ARLINGTON, Va. (Aug. 2, 2000) — An auto safety advocacy and research group is urging Ford Motor Co. and Bridgestone/Firestone Inc. (BFS) to recall all Ford Explorers equipped with Firestone ATX, ATX II or Wilderness radial tires manufactured between the 1991 and 2000 model years.
Arlington-based Strategic Safety claims it "is aware of nearly 100 fatal or serious injury incidents" involving the Firestone tires on the Ford sports-utility vehicle. It also said that Ford has already recalled the 1996-99 Explorer in Venezuela because of tread separation problems.
Bridgestone/Firestone, however, dismissed Strategic Safety as a shill for plaintiffs´ attorneys, and both BFS and Ford said the Venezuelan recall had nothing to do with the inherent quality of the ATX or Wilderness tires.
NHTSA began its investigation into the Explorer-ATX issue May 2, after receiving 90 complaints including reports of 33 crashes, 27 injuries and four deaths. Ford, meanwhile, said it knew of about 25 product liability lawsuits involving alleged tread separation, the last two filed in Jacksonville, Fla., in July. But the only one brought to trial so far resulted in vindication for Ford and the tire company, Ford said.
Sean Kane, a partner and co-founder in Strategic Safety, said his group knew of "at least 100 cases in litigation" involving the Explorer and its original equipment tires.
"Ford may or may not be a defendant in all of them, and also Ford has settled its part of a number of these cases," Mr. Kane said.
Strategic Safety, on its Web site, said the Firestone tires "appear to have a long tread life that may exceed its (sic) internal design capabilities."
Ford, in a June 16 letter to NHTSA, said it had "identified over 500 potentially related lawsuit and claim files" involving the Explorer and the Firestone tires.
Mr. Kane said his group found out about Ford´s recall of Explorers in Venezuela from a paragraph in El Nacional, Venezuela´s biggest newspaper. "We don´t understand why they´re recalling Explorers in Venezuela but not taking care of the problem in the United States," he said.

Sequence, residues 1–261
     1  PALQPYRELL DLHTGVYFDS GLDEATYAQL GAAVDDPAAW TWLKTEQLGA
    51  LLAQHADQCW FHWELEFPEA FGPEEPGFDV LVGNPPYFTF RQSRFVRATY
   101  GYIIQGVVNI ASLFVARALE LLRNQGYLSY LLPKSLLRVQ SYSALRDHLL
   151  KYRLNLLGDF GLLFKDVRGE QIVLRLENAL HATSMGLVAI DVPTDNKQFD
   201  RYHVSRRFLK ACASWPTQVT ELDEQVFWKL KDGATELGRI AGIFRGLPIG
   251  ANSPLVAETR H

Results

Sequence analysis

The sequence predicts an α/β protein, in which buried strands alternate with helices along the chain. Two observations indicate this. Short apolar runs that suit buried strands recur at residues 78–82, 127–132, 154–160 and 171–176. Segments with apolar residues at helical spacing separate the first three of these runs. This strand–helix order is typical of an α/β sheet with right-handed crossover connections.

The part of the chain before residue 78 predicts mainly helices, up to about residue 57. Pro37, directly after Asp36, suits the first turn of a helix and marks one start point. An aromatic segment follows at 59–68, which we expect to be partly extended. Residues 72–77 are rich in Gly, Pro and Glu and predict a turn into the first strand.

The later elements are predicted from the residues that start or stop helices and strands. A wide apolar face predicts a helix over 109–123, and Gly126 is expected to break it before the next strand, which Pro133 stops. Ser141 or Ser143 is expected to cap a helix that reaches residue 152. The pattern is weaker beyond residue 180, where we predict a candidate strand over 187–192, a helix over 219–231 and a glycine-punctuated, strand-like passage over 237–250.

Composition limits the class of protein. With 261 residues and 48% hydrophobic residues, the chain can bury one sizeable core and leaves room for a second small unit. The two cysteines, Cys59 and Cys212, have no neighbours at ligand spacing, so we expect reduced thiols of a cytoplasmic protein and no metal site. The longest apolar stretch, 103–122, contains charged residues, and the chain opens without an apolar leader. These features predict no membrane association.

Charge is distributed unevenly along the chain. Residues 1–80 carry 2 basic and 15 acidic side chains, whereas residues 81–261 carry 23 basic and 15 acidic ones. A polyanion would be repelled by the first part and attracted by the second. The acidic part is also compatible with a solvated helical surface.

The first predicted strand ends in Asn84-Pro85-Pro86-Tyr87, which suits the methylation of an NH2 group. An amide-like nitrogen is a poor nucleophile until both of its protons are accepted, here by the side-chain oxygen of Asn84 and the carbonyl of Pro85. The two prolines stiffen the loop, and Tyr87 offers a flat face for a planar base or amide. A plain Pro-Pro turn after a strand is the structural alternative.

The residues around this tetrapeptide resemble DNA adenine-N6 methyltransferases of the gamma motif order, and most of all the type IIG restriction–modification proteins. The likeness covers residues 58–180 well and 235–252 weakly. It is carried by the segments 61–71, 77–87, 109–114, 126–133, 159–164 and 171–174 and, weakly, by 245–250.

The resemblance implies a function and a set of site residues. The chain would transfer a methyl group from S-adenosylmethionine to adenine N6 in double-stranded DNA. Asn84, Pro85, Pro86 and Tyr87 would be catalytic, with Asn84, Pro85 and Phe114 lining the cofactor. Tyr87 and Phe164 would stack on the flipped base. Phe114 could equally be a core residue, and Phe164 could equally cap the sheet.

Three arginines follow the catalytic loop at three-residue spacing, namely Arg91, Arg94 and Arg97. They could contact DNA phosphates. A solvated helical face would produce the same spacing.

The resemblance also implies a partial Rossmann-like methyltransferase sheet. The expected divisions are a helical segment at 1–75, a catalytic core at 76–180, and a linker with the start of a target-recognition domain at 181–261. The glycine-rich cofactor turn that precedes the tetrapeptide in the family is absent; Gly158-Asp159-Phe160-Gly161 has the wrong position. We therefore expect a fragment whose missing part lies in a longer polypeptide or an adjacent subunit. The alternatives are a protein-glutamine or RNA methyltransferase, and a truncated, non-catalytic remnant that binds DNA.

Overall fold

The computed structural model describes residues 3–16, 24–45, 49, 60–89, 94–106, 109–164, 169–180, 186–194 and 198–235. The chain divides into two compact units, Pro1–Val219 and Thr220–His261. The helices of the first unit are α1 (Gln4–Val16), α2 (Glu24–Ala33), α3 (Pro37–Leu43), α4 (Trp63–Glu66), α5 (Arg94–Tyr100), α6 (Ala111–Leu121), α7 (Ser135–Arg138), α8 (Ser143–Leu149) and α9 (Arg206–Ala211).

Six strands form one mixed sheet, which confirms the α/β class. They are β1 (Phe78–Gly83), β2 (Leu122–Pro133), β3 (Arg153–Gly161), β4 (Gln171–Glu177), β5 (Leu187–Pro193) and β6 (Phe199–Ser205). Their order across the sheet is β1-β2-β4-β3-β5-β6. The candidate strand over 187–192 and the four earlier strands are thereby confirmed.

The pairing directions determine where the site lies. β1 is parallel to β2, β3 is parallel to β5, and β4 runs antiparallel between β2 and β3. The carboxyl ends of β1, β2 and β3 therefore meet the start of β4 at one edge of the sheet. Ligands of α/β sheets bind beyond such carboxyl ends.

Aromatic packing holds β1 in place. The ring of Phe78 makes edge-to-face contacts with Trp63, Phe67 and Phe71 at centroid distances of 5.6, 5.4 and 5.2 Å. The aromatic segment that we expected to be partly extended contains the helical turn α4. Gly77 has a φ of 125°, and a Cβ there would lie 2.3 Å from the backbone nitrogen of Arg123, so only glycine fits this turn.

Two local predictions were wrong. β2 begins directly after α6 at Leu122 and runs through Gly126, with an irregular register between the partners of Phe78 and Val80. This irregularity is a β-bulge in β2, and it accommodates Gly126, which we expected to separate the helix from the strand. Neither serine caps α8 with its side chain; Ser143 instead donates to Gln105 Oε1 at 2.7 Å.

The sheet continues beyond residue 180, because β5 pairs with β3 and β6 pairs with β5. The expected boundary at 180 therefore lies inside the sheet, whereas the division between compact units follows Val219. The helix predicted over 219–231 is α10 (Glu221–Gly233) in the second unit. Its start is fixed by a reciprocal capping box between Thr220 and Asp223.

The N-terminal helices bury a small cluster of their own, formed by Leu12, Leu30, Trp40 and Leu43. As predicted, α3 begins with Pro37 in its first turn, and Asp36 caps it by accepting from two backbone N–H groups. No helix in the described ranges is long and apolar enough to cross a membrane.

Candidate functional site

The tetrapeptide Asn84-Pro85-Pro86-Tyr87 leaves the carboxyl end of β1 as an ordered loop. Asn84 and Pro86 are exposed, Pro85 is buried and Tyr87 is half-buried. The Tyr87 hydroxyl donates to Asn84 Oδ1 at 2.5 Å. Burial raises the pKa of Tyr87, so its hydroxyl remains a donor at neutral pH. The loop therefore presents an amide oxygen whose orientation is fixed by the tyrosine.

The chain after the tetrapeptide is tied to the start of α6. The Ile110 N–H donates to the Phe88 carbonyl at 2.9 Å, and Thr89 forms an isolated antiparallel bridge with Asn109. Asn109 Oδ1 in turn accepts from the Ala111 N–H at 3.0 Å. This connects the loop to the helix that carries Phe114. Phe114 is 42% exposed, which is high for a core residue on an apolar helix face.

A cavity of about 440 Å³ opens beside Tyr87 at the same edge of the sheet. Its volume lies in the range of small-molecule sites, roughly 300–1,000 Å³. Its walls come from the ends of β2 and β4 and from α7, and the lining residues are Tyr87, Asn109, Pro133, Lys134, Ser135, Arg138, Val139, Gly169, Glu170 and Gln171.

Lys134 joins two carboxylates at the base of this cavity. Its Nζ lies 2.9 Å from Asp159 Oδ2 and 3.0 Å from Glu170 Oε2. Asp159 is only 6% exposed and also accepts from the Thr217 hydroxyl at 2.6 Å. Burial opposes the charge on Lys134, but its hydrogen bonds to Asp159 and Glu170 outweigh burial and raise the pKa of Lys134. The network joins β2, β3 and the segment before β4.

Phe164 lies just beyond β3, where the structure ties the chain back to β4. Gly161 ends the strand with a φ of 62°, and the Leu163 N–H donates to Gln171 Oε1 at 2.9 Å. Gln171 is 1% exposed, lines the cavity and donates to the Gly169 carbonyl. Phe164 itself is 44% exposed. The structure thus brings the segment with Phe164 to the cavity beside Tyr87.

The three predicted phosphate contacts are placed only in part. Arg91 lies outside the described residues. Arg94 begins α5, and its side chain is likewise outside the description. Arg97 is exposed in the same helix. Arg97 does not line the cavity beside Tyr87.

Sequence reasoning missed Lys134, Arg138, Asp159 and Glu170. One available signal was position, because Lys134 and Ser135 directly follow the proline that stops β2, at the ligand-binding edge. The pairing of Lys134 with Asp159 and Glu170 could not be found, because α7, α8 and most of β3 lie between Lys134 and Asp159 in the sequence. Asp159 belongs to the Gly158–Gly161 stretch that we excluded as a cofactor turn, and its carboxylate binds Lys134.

In a prepared statement, Nashville-based BFS blasted Strategic Safety as "a profit-making firm that works to make as much money as possible by helping their personal-injury law firm clients publicize product liability lawsuits that can generate high legal fees." It dismissed the group´s statement as "misleading" and written "with no first-hand knowledge of the situation."
From its Detroit headquarters, Ford said the Venezuelan recall was motivated by "a number of external factors," including tire underinflation, overloading, tire damage, bad repairs and excess wear.
"In addition, many of the incidents in Venezuela occurred after driving at speeds in excess of 100 miles per hour for multiple hours in extreme heat," the auto maker said in a prepared statement. It undertook the recall "in the interest of customer satisfaction," it said.
Meanwhile, an Aug. 1 report from Bloomberg News Service in Tokyo said Bridgestone Corp.´s stock price fell 70 yen, to 2,445, on the Nikkei stock exchange, largely because of the Strategic Safety report.